I checked in the day after the fire, after a long
day of absolutely no sleep. My boyfriend Don, thinking safety was key, said I should take a second floor suite. It was the size of a studio
apartment, with a little living room area with a king bed and a bathroom on one end. It did have a full kitchen. That place lasted one day. Safety is great, but hauling band equipment and groceries up a flight of stairs is not. The second day I settled into what would be my “home”, the exact same suite, only on the ground floor.
The weeks wore into months. Christmas was a bit of a bummer. I always host Christmas Eve at my house, with the tree and house decorated, with anywhere from 10 to 20 people. That year, Don and I spent a quiet evening having dinner with a single wreath and two battery operated Christmas candles.
My only real hobby and stress reliever is doing projects around the house and there was none of that.
The bed was not my bed and although having the cats with me helped, the place never really felt like home. Whenever the stress of everything going on got to me, I would pull out paint samples. Yes, paint
samples! I would stare at various shades and try to decide what the new colors of the house would be. A little psycho, I know, but for some reason, it helped me to believe I would one day be finished with this mess, even though many days, I totally doubted it. Some nights, after a particularly hard day of dealing with contractors and insurance companies, I would lay in bed and have a good cry. The next morning, I would usually wake up next to a cat toy, put on the bed by my cat Elsa, in an attempt to cheer me up. It always worked.
Besides, there were positives to the arrangement. The place was cleaned every day. I had air conditioning, something I did not have at my home at the time. There was complimentary breakfast every morning and a once a week wine and beer reception from 500pm to 700pm. There was also a good size pool and a hot tub. Although I didn’t make any lasting friendships, I did get an opportunity to talk to a lot of people who were in the same situation.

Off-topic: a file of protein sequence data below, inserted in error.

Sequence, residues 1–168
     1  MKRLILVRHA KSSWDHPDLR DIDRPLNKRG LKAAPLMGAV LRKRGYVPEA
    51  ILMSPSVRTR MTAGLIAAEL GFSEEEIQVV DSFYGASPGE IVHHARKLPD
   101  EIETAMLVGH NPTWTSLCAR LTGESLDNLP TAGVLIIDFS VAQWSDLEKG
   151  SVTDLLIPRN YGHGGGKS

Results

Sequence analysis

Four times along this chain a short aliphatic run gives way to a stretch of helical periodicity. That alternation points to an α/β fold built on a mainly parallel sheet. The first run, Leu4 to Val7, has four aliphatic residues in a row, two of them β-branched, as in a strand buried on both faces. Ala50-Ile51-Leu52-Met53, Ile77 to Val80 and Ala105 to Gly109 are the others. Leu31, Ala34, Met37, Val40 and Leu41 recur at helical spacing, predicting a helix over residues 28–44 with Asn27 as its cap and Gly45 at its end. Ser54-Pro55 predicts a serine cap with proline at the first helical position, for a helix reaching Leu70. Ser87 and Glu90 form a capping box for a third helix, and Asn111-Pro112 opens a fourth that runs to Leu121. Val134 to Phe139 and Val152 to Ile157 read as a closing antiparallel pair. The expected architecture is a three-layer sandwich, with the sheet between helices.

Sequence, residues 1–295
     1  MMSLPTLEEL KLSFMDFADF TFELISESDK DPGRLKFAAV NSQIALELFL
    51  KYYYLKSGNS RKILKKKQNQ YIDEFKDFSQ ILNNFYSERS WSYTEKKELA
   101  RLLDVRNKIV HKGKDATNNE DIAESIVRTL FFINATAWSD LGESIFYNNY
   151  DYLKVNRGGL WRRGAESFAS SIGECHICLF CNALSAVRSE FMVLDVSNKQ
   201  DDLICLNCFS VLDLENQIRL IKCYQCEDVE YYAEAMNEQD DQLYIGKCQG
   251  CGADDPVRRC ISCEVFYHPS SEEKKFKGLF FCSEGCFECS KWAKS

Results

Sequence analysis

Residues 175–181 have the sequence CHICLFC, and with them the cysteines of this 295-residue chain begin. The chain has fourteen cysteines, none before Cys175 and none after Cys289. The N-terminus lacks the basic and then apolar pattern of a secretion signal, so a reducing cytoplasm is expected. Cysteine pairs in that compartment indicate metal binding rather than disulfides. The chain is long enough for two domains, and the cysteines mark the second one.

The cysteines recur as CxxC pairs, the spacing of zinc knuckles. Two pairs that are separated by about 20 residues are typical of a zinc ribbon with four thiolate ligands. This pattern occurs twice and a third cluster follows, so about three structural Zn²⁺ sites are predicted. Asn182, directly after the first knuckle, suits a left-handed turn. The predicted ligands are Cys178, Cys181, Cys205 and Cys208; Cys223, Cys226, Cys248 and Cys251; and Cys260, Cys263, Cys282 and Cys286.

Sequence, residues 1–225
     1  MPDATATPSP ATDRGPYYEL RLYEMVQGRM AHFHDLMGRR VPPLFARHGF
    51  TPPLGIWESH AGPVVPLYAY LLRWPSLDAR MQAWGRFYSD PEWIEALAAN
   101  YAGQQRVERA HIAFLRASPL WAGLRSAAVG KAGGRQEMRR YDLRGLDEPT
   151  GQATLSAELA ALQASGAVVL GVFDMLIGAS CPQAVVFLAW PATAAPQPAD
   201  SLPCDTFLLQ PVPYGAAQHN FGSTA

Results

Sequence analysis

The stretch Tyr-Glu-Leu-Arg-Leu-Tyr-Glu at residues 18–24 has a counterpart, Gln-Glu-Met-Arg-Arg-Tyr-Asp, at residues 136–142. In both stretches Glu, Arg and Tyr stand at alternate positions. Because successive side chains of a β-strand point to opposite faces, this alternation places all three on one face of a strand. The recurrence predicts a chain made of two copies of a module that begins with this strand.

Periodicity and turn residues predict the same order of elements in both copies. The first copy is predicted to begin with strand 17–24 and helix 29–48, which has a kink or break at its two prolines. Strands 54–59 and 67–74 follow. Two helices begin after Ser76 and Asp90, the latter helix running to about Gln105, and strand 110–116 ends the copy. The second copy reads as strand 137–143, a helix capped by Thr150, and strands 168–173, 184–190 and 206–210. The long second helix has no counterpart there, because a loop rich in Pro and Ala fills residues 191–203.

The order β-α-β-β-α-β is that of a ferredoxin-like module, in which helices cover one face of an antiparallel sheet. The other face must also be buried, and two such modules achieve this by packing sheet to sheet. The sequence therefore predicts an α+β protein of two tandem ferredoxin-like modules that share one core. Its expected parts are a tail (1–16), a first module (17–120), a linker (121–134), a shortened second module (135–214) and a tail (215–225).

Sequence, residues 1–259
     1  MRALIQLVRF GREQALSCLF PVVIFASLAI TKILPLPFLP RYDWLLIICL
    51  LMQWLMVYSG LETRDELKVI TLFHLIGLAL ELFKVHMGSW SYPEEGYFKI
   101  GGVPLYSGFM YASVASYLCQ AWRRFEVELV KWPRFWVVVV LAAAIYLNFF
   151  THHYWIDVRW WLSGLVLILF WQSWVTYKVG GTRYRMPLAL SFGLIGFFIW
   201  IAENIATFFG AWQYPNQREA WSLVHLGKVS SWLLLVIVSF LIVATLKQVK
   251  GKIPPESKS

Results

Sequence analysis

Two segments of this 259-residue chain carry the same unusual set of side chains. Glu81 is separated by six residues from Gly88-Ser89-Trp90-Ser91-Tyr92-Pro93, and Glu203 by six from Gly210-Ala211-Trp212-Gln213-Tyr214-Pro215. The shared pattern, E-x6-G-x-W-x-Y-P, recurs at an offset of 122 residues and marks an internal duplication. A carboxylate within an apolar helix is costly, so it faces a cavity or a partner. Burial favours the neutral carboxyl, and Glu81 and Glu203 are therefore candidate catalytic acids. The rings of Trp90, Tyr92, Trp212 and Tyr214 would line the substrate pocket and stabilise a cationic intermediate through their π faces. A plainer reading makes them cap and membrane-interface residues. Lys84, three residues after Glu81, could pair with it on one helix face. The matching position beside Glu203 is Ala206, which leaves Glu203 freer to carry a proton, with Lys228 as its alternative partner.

The best part was the service. When I first checked in, I was still a soap opera addict. (The
cancellation of “As The World Turns” ended my addiction, although I do occasionally fall off the wagon on a day off with an episode of “The Young and The Restless” or “Days Of Our Lives.”) I brought my VCR from the house (pre-DVR days and watching episodes online), but had no idea how to connect it. The night clerk, who couldn’t leave the front desk, drew me a great diagram and I got it put together in under five minutes. One of my weekly rituals was a Sunday night soak in the hot tub with a plastic glass of wine. One Sunday the hot tub was being serviced and when the on duty staff found out my weekly ritual was in danger of being cancelled, they called in a favor from the hotel next door. Walking across the parking lot in my flip flops and bathing suit, with my plastic wine glass in hand, my ritual was saved, via the hot tub at the Embassy Suites where their night manager provided me with a key and told me to “soak as long as I wanted.”
Any issue, any question, over the 11 months, someone was always there to help. The staff were the best part of a long and sometimes painful experience. When I finally told them I was leaving, no one believed it because I had been close so many times! I wrote a three page letter to management, naming all the names and all the wonderful experiences I had after I got home. When I went back a year later for a visit, most of the people I had gotten to know had been promoted, either there or at other Residence Inn properties. It was nice to see a business that rewarded employees for great service.
Unfortunately, the great service did not extend to all the other people involved in this tale. Next up, if only a show like "Catch a Contractor" had been on in 2003!